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US Presidential Elections 2016 - A Messy Electoral System

Did you know that the polling day is not a holiday, resulting in long queues at polling booths...

👤 S Narendra2016-11-09 02:43:36.0
US Presidential Elections 2016 - A Messy Electoral System
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Did you know that the polling day is not a holiday, resulting in long queues at polling booths before and after office hours? The long delays in voting make voters to turn away. Did You know that some polling areas use punch cards, while most others use electronic voting machines? As a result about 2 million votes become invalid, not due to voters error but machine fault.

Did you know that one in 5 voters do not know that the state they live in requires a photo ID card to vote? That is because in many others it is not a requirement. In 14 states voters will face restrictions on voting day (8/11) that were not in place in the last Presidential election. The election rules vary from state to state and could change over time and voters may not be aware of them.

Strangely, politicians have a say in who could vote for them and how they vote for them. Did you know that electoral constituency boundaries are virtually dictated by politicians, not by an independent delimitation commission as in India. This practice, known as Gerrymandering, allows politicians to choose who votes for them. The poor, African-Americans, Hispanics are more likely to be purged out of electoral roles in states considered as Republican strongholds. Such minorities are more likely to vote for their rival Democrat party.

According to the Presidential Commission on Election Administration that recently tendered its electoral reforms report, the elections are conducted under 8000 jurisdictions. It laments that the present diversity in the way election is run 'Challenges Uniformity'.

When Americans finally vote for their President, the names of the candidates appear on the ballot. Wait for this surprise. Many voters don't know that when they cast their vote, they are actually electing their state party delegates to an Electoral College that is temporarily formed to elect a President, The delegates names will not be on the ballot paper. The party delegates could later elect a candidate who may or may not be the one chosen by the voters.

In 2000 election, the Democrat party nominee Al Gore won the popular vote but the delegates to the Electoral College chose the Republican George W Bush. Even the Supreme Court played a doubtful role by refusing to order a recount of popular votes in Florida demanded by the Democrat party. There was suspicion that the apex court judges appointed by a previous Republican President showed political bias.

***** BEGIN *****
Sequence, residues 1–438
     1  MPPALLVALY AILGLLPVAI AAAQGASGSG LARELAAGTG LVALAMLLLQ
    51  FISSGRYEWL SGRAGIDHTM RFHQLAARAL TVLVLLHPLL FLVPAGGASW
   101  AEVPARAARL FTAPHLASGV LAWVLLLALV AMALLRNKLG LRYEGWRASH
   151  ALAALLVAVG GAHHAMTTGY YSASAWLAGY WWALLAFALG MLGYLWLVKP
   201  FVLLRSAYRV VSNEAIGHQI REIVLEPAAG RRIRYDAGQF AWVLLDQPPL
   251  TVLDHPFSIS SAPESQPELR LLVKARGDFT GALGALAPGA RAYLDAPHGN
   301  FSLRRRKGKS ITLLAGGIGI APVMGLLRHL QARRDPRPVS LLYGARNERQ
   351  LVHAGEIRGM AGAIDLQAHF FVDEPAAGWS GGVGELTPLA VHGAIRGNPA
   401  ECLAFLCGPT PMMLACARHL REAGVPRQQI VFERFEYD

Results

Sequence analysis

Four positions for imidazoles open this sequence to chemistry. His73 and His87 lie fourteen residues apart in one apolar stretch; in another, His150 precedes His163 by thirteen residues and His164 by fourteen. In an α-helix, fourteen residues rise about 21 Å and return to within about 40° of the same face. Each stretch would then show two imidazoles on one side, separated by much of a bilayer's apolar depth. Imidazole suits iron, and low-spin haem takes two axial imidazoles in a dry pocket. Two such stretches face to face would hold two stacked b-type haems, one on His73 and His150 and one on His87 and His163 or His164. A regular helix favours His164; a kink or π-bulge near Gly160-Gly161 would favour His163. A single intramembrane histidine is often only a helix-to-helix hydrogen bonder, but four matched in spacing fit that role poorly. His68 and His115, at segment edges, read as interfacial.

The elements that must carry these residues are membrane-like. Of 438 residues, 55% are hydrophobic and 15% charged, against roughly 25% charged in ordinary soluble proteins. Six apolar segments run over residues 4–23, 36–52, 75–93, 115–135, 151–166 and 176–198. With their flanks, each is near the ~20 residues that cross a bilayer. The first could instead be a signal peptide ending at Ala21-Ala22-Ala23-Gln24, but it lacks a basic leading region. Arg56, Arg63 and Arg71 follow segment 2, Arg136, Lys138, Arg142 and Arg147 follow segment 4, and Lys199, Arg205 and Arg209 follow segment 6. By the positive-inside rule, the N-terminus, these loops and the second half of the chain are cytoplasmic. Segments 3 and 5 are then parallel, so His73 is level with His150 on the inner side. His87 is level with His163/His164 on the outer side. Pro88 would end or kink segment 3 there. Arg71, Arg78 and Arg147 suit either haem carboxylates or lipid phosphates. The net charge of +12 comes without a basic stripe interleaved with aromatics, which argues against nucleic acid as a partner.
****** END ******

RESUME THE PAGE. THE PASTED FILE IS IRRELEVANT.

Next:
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The entire process of selection of candidates by the Republican and Democrat parties and the final official contest by party nominee runs for over 500 days, The long process is in theory meant to give voters in different states a say in the choice of party candidates. In practice, the selection rules set by each party varies but also state level party organisations can set their own rules regarding the people's participation. But people's choice of candidate (s) can be overturned by part bigwigs called 'Super Delegates'.

US Congressman, Dr. Ron Paul (considered as an independent thinker and non-status quo person) who almost succeeded in getting nominated as Republican Party candidate for President in 2012 was prevented by a last minute change in party rules. The nomination went in favour of Mitt Romney because of change of rules. A highly upset Paul characterised the entire electoral system 'Rotten'. Big money plays a bigger role as well. Journalist Ackermann told a TV channel that where as automobile companies together spent about $25 billion on advertising, in 2012, candidates for the Senate, Congress and President spent about $7 billion. Another Journalist Greg Palast has authored a book titled: 'The Best Democracy Money Can Buy'.

Many experts have pointed out that the 15 month long campaign causes voter fatigue. The maximum voter turnout recorded was 57%. Otherwise, it is less than 50 %, from out of 140 million registered voters. About 100 million are not registered. The voters' apathy is attributed to the way the political system operates to maintain the staus quo, benefitting the moneyed and the privileged class.

As commentators have noted, attention on flaws in the election system and its reform come into focus every four years but fade out after the results are out. The latest Presidential Commission report may pave the way for some change.

By S Narendra, Former Information Advisor to Prime Ministers of India (now on visit to US - Reporting from US)

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